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Varna (class) in Hinduism, one of four castes / From Wikipedia, the free encyclopedia

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Brahmin (/ˈbrɑːmɪn/; Sanskrit: ब्राह्मण, romanized: brāhmaṇa) is a varna as well as a caste within Hindu society. In the Vedic- and post-Vedic Indian subcontinent, Brahmins were designated as the priestly class, serving as priests (purohit, pandit, or pujari) and spiritual teachers (guru or acharya). The other three varnas are the Kshatriya, Vaishya, and Shudra.[1][2][3][4][5]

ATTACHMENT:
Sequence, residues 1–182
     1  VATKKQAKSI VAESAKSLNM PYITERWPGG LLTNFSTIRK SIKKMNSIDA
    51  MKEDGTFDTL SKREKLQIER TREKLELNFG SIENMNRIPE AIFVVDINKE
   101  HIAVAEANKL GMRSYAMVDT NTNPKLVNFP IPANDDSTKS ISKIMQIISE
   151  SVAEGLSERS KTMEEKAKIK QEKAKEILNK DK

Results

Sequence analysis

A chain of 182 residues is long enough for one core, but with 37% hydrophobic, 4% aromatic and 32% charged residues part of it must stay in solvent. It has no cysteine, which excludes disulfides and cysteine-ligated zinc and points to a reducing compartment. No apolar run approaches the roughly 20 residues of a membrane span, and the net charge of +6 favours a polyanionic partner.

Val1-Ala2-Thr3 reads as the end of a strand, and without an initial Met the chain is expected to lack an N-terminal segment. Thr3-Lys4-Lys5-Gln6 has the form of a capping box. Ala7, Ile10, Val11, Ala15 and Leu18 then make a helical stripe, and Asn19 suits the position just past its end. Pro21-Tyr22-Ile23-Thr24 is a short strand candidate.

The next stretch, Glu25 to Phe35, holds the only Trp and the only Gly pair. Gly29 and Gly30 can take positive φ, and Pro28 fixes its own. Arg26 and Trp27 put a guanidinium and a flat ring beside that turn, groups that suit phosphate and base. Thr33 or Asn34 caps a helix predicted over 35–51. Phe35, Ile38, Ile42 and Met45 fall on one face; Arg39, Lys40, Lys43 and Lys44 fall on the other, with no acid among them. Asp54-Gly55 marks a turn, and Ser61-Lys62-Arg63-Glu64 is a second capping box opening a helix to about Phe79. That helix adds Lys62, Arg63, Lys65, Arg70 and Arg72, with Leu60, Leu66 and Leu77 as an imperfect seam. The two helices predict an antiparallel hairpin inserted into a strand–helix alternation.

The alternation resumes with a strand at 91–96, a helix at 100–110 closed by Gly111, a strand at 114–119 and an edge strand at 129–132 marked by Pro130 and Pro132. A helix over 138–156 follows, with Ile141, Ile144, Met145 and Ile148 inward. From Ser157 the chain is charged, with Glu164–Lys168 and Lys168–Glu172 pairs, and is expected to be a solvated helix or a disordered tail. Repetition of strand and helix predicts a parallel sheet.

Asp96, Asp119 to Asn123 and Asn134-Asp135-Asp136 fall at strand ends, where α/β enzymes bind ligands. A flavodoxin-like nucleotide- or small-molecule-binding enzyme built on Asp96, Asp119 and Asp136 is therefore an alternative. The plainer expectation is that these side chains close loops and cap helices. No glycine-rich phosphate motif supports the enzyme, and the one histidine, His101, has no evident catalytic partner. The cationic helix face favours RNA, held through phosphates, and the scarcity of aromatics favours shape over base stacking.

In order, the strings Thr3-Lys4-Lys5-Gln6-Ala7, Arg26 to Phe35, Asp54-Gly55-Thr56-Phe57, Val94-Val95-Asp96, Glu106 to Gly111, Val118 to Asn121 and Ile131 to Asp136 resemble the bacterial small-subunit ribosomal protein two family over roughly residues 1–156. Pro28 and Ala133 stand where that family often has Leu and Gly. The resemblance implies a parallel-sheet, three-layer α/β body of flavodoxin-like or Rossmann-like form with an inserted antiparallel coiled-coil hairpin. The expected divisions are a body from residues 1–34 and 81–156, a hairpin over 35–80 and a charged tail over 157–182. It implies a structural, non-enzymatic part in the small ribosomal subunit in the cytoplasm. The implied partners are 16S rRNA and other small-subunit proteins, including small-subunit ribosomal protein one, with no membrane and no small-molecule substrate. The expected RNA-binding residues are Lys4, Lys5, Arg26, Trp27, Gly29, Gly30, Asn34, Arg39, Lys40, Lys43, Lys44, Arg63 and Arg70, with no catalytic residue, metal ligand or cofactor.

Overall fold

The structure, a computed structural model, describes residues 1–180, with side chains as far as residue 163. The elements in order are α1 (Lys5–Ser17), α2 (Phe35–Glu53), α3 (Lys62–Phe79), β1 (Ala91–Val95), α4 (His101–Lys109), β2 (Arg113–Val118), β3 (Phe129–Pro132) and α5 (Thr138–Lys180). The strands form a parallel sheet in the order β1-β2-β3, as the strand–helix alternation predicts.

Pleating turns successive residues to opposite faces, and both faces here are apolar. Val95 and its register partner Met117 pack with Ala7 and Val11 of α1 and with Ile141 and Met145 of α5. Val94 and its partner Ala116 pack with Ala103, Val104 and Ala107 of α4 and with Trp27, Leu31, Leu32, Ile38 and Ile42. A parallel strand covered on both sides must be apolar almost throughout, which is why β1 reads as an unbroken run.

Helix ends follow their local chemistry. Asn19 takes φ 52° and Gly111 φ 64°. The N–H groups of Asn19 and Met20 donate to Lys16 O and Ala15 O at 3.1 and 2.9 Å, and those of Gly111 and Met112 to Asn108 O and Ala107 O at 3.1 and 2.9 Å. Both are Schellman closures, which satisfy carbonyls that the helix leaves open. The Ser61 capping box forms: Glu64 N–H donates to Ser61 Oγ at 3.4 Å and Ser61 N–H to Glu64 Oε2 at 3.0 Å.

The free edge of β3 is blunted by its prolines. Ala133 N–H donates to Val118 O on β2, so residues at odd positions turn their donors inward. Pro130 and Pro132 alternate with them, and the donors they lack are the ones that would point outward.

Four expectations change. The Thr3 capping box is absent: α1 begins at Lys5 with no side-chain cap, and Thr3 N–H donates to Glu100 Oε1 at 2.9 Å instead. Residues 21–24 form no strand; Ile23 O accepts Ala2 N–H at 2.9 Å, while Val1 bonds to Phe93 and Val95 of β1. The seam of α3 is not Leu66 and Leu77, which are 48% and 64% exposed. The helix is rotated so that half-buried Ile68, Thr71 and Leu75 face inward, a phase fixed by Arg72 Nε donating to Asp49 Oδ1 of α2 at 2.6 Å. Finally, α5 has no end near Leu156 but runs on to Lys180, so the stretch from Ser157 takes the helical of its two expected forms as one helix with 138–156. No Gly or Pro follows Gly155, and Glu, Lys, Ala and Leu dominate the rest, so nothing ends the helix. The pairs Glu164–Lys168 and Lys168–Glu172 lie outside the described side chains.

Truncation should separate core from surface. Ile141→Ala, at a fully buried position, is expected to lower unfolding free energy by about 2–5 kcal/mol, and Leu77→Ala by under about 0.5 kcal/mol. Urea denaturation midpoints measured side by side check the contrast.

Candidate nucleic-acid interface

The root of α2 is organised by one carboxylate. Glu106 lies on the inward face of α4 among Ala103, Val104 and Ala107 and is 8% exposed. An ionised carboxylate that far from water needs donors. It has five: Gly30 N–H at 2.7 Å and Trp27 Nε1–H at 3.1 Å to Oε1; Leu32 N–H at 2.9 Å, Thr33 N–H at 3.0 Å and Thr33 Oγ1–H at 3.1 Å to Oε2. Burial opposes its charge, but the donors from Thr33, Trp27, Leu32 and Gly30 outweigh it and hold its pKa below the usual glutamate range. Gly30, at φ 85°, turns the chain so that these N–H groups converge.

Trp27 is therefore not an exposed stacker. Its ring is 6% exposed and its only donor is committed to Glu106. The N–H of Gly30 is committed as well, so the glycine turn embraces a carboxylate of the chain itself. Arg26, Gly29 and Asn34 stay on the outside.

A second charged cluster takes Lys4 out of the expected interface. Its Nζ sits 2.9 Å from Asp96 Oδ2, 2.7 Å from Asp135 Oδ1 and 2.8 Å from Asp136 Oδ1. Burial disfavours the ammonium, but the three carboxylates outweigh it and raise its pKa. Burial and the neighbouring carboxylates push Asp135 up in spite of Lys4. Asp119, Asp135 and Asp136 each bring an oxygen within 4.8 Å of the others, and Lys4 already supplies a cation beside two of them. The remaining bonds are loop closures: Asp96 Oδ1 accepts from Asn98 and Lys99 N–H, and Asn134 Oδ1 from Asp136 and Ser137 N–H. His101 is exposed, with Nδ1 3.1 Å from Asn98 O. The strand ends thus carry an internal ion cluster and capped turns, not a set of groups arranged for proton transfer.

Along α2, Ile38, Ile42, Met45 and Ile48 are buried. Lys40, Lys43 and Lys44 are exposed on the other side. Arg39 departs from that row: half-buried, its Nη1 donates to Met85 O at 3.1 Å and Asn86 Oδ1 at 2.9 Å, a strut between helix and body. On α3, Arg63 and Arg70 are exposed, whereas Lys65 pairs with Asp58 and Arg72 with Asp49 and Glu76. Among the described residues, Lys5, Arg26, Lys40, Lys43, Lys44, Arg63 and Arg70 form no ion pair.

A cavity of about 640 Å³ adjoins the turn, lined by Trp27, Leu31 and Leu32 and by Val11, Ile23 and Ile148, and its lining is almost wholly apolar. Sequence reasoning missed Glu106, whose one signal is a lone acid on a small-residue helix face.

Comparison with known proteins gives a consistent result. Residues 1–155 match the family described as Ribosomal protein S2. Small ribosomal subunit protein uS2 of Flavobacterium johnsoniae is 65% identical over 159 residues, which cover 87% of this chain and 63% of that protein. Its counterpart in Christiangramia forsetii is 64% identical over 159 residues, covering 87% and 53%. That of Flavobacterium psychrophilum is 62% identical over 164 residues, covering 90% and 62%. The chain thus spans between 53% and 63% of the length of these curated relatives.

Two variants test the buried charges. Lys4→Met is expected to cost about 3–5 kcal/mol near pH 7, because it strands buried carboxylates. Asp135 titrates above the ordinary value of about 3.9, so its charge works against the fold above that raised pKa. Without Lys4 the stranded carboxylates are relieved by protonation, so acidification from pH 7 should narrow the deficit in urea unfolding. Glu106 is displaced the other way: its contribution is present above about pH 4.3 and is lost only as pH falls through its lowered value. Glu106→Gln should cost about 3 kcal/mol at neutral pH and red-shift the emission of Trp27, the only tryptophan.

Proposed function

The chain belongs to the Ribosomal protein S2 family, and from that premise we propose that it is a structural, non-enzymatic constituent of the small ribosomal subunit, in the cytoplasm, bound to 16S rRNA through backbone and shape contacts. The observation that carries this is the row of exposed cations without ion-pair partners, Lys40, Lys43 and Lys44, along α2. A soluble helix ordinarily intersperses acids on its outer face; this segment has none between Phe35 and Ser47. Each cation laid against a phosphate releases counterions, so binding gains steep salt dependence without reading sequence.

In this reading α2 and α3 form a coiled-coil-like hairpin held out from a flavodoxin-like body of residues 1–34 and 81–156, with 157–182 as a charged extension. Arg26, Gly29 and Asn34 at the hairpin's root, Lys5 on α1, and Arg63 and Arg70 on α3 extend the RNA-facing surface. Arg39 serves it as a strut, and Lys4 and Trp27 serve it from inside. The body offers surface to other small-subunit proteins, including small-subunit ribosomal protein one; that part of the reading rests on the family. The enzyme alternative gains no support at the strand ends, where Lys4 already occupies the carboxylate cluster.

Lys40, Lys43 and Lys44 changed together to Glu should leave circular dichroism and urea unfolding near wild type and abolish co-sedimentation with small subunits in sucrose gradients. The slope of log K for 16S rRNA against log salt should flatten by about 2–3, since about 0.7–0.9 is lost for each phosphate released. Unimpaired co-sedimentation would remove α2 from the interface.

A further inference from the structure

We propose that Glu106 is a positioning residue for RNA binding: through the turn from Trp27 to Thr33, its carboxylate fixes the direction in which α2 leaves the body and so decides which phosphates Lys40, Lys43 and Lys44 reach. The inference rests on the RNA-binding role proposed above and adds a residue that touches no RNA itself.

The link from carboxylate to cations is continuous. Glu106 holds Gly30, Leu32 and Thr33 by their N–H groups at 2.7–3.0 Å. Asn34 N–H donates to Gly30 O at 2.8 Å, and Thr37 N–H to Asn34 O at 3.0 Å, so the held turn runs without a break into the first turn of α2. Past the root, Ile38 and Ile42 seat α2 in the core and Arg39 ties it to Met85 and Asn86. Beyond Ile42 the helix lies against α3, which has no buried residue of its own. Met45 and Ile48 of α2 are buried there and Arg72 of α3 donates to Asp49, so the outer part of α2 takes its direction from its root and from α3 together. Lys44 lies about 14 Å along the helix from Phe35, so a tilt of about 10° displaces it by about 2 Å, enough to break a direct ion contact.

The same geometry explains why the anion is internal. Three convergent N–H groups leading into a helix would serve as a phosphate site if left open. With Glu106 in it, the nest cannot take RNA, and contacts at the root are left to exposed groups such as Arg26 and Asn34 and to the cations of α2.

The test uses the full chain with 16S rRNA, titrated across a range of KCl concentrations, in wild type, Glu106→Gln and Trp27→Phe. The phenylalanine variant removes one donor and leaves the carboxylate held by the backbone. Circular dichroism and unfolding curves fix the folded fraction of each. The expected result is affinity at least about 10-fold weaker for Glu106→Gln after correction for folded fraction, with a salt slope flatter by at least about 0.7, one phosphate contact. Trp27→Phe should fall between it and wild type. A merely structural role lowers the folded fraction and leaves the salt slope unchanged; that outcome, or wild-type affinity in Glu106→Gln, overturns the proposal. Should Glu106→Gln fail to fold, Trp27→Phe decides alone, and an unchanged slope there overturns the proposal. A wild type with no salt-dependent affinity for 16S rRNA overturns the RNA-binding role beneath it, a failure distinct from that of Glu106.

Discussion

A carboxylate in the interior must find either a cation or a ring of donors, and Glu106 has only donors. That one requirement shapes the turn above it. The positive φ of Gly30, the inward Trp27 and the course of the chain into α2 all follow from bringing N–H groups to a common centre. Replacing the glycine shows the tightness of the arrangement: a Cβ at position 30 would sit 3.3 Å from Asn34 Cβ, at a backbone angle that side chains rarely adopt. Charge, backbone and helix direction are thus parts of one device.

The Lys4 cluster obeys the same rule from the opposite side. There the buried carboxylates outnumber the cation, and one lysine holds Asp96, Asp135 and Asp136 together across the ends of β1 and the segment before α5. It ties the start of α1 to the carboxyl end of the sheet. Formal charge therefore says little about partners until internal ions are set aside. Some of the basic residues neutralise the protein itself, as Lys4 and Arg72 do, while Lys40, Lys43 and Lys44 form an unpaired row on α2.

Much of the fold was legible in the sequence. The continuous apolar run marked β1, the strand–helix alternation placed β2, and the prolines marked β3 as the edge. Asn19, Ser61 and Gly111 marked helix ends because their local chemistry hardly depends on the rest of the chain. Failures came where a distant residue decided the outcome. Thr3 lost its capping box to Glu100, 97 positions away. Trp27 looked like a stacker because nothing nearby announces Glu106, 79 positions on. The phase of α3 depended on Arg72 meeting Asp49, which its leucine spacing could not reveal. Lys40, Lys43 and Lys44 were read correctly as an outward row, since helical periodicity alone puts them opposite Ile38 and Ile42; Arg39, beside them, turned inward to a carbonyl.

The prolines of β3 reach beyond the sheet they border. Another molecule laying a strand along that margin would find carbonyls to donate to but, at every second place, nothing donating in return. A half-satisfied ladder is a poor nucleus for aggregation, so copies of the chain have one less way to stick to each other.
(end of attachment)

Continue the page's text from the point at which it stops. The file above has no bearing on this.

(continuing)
Brahmins worshipping River Ganges 1882.

The traditional occupation of Brahmins is that of priesthood at Hindu temples or at socio-religious ceremonies, and the performing of rite of passage rituals such as solemnising a wedding with hymns and prayers.[6][7] Traditionally, Brahmins are accorded the highest ritual status of the four social classes.[8] In practice, Indian texts suggest that some Brahmins historically also became agriculturalists, warriors, traders, and had also held other occupations in the Indian subcontinent.[7][8][9]

Vedic Brahmin Rishi worshipping Shakti.

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